Supervision Outlook for 2018 Ready for IORP II 27 In 2019, the revised European Directive on Institutions for Occupational Retirement Provisions (IORP II)⁷ will be implemented in Dutch law. The Directive contains more specific requirements as to the set-up of a risk management function and other key functions. For example, pension funds will be obliged to have an actuarial function and an internal audit function in place. Likewise, it also obliges institutions that pursue a sustainable investment policy to consider environmental, social and governance factors in their investment decisions. We aim to achieve that pension funds anticipate the requirements under impending legislative amendments and ensure compliance within the set deadline. We educate pension funds about the IORP II requirements and make enquiries from pension funds as to the current set-up and effectiveness of their key functions, notably their risk management function. We also consider the role that newly emerging climate-related risks play in their investment policies. We use the results from our enquiries to select pension funds for more in-depth on-site examinations and inform the sector about the results. 7 Directive 2016/2341/EC of the European Parliament and the Council of 14 December 2016 on the activities and supervision of institutions for occupational retirement provision (IORPs) (OJ L 354/37);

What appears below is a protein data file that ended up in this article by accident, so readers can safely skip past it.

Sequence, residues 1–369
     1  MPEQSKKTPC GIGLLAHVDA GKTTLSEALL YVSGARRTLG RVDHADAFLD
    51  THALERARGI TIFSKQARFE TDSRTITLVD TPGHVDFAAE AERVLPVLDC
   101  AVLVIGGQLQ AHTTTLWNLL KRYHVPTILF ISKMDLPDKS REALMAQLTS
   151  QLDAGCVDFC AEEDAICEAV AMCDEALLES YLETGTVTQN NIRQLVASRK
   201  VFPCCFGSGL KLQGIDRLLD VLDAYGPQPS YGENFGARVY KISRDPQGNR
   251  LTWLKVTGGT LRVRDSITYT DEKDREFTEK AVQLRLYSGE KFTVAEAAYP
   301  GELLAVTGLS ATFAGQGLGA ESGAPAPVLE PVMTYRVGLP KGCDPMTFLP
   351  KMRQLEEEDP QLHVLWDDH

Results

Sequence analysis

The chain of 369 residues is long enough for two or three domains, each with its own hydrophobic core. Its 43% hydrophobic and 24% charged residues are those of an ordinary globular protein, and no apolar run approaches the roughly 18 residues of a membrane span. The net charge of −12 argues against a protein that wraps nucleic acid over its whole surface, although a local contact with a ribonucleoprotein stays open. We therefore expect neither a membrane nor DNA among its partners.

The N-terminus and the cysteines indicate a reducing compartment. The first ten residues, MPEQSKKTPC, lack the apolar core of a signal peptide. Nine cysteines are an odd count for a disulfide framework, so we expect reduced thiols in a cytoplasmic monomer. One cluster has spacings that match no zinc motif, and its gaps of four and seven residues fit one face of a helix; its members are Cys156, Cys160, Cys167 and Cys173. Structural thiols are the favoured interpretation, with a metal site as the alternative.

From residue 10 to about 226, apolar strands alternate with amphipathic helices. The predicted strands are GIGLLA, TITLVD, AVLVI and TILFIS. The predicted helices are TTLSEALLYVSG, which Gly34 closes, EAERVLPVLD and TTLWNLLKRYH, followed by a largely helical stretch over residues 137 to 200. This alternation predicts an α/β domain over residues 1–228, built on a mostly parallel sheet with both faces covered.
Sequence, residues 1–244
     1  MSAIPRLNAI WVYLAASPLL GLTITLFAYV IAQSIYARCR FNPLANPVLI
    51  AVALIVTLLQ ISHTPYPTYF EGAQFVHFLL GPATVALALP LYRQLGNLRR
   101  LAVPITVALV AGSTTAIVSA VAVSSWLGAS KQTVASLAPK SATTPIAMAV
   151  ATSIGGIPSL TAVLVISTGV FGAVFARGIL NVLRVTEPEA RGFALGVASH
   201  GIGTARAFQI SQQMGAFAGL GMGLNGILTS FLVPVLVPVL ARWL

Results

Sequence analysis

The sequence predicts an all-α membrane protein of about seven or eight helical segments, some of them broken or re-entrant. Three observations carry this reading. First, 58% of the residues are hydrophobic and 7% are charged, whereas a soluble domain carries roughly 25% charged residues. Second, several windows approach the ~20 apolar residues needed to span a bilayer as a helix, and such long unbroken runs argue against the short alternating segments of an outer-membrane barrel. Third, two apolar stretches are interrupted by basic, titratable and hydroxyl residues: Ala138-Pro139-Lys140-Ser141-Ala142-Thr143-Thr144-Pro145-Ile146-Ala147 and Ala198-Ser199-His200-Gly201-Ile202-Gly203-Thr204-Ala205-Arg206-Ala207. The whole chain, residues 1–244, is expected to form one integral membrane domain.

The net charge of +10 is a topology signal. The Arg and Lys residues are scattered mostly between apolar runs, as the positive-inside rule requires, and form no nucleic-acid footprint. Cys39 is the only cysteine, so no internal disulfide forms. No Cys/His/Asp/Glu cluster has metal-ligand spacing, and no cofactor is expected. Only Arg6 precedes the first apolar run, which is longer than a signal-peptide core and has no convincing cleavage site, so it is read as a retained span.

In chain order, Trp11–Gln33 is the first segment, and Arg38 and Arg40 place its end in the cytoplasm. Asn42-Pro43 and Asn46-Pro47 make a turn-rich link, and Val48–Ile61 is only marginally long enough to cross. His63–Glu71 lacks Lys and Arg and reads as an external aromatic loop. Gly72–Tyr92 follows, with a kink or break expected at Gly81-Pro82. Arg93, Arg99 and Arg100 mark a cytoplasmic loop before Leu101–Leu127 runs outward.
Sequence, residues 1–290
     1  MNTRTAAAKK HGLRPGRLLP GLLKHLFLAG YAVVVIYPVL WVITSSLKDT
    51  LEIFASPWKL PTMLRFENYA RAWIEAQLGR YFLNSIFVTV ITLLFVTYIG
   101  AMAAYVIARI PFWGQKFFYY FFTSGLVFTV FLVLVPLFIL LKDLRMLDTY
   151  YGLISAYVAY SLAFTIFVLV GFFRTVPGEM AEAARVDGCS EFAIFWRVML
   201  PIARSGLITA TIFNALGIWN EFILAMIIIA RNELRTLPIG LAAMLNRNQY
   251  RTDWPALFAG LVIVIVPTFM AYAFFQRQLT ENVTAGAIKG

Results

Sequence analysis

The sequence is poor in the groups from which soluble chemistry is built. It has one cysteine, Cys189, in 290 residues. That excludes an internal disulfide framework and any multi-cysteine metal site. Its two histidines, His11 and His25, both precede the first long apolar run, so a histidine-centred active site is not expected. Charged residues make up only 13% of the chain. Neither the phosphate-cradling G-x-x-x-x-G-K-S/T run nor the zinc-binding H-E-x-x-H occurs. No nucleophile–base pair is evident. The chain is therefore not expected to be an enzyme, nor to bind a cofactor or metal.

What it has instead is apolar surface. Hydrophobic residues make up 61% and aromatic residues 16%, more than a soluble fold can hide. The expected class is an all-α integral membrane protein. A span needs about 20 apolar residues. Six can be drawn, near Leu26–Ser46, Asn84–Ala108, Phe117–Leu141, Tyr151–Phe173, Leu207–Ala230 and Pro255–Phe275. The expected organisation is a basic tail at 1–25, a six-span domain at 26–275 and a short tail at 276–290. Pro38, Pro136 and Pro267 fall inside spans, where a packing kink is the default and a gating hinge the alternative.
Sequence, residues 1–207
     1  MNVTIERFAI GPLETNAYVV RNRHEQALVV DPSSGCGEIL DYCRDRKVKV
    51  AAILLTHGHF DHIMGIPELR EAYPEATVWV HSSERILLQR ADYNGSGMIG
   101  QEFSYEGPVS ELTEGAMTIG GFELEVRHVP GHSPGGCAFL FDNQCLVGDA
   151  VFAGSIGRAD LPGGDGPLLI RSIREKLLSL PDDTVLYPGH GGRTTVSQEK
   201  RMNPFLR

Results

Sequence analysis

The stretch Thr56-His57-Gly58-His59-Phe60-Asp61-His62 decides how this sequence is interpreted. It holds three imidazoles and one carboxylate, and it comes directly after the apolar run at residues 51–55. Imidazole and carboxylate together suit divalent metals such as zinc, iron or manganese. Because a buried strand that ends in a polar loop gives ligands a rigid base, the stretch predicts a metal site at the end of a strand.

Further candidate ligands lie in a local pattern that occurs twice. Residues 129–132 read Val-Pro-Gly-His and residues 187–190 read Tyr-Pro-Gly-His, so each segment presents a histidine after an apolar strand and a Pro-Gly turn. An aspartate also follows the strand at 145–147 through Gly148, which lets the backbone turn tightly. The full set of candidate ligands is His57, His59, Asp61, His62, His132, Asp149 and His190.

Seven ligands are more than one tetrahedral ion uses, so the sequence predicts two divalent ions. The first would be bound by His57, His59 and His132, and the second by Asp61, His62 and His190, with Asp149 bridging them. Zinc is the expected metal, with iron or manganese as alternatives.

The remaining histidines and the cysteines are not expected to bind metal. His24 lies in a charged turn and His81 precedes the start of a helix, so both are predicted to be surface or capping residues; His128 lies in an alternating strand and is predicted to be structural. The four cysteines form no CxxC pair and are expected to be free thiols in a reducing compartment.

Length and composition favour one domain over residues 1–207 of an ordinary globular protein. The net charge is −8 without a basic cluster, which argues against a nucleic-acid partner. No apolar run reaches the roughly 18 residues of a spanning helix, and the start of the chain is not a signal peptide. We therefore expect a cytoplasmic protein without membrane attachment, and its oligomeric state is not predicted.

Supervision Outlook for 2018 6 Investment Firms and Investment fund managers In 2018 our supervision of investment We are aware of the opportunities and risks 29 firms and investment fund managers will presented by consolidation in this sector. continue to focus on capital buffers and Consolidation may be driven by pressure on asset sound operational management. Although managers' business models, as well as by a wish to we have seen improvements, many firms benefit from economies of scale in small or medium- and funds still need to shore up their sized funds. capital buffers. Our ongoing supervision activities will concentrate in particular on We launched an examination in 2017 into the the Internal Capital Adequacy Assessment sustainability of business models of investment firms Process (ICAAP) in 2018. We will again and investment fund managers and also studied impose enforcement measures where we liquidity risks in open-ended investment funds and find capital deficits. risks inherent in outsourcing and IT. The various findings will be fleshed out and may result in additional examinations and measures in 2018. Developments in legislation and regulations We expect the European Commission to introduce legislative proposals for a new capital framework for investment firms in 2018. The proposed rules will be based on an opinion⁸ that the EBA issued on 29 September 2017. We have pressed for a suitable prudential capital framework, both within the EBA and in our consultations with the Ministry of Finance, one that does more justice to the specific risks faced by investment firms. Through our seminars, newsletters and dialogue with sector organisations, we will continue to keep in touch with the sector about the design of the new capital framework. 8 http://www.eba.europa.eu/-/eba-issues-opinion-on-the-design-of-a-new-prudential-framework-for- investment-firms